Nature: Addresses and Lectures
Houghton Mifflin, 1903 - 461 páginas
This book is the first volume in the 1903 Riverside Press's Centenary Edition of Ralph Waldo Emerson's collected works. This volume contains a biographical sketch of Emerson and his work "Nature: Addresses and Lectures." The works were compiled and edited by Ralph Waldo Emerson's son, Edward Waldo Emerson.
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action American appears beauty become behold better born Boston Brook Farm called character church conservatism divine doctrine earth Emerson England essay eternal exist F. B. Sanborn fact faculties faith feel genius give heart heaven Henry Thoreau Heracleitus hope hour human ideas inspiration intellect John Sterling Journal labor land lectures light live look means ment mind moral nature never noble objects Over-Soul persons Phi Beta Kappa philosophy plant Plato Plotinus Plutarch Poems poet poetry Ralph Waldo Emerson reason reform religion rich scholar seems sense sentiment society solitude soul speak spirit stand stars sublime Synesius things thou thought tion trade Transcendentalist true truth ture Unitarian universal verse virtue whilst whole wisdom wish words Xenophanes young youth Zoroaster
Página 112 - We have listened too long to the courtly muses of Europe. The spirit of the American freeman is already suspected to be timid, imitative, tame.
Página 80 - ... when the sluggard intellect of this continent will look from under its iron lids, and fill the postponed expectation of the world with something better than the exertions of mechanical skill. Our day of dependence, our long apprenticeship to the learning of other lands, draws to a close. The millions, that around us are rushing into life, cannot always be fed on the sere remains of foreign harvests.
Página 8 - Standing on the bare ground, — my head bathed by the blithe air, and uplifted into infinite space, — all mean egotism vanishes. I become a transparent eye-ball; I am nothing; I see all; the currents of the Universal Being circulate through me; I am part or parcel of God. The name of the nearest friend sounds then foreign and accidental: to be brothers, to be acquaintances, — master or servant, is then a trifle and a disturbance.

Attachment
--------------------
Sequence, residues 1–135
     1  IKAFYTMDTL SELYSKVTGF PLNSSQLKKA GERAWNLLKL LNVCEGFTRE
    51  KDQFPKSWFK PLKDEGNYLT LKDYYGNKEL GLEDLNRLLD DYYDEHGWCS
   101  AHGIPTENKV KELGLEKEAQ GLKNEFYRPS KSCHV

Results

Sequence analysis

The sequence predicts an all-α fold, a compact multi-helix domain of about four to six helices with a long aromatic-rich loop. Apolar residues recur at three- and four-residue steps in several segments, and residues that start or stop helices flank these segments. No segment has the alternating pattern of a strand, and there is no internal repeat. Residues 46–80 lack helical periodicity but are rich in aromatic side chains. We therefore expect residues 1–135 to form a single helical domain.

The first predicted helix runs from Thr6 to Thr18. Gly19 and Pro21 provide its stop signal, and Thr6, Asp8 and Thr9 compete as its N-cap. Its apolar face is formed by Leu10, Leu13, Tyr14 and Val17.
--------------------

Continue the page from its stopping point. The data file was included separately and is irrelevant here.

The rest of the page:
Página 82 - In this distribution of functions the scholar is the delegated intellect. In the right state he is Man Thinking. In the degenerate state, when the victim of society, he tends to become a mere thinker, or still worse, the parrot of other men's thinking.
Página 74 - Build, therefore, your own world. As fast as you conform your life to the pure idea in your mind, that will unfold its great proportions. A correspondent revolution in things will attend the influx of the spirit.
Página 109 - What would we really know the meaning of? The meal in the firkin; the milk in the pan ; the ballad in the street...
Página 80 - It is one of those fables, which, out of an unknown antiquity, convey an unlooked-for wisdom, that the gods, in the beginning, divided Man into men, that he might be more helpful to himself; just as the hand was divided into fingers, the better to answer its end.
Página 417 - Stern Lawgiver ! yet thou dost wear The Godhead's most benignant grace; Nor know we anything so fair As is the smile upon thy face: Flowers laugh before thee on their beds And fragrance in thy footing treads ; Thou dost preserve the stars from wrong; And the most ancient heavens, through Thee, are fresh and strong.
Página 127 - Alone in all history he estimated the greatness of man. One man was true to what is in you and me. He saw that God incarnates himself in man, and evermore goes forth anew to take possession of his World. He said, in this jubilee of sublime emotion, 'I am divine. Through me, God acts; through me, speaks. Would you see God, see me; or see thee, when thou also thinkest as I now think.
Página 85 - He shall see that nature is the opposite of the soul, answering to it part for part. One is seal and one is print. Its beauty is the beauty of his own mind. Its laws are the laws of his own mind. Nature then becomes to him the measure of his attainments. So much of nature as he is ignorant of, so much of his own mind does he not yet possess. And, in fine, the ancient precept, "Know thyself," and the modern precept, "Study nature,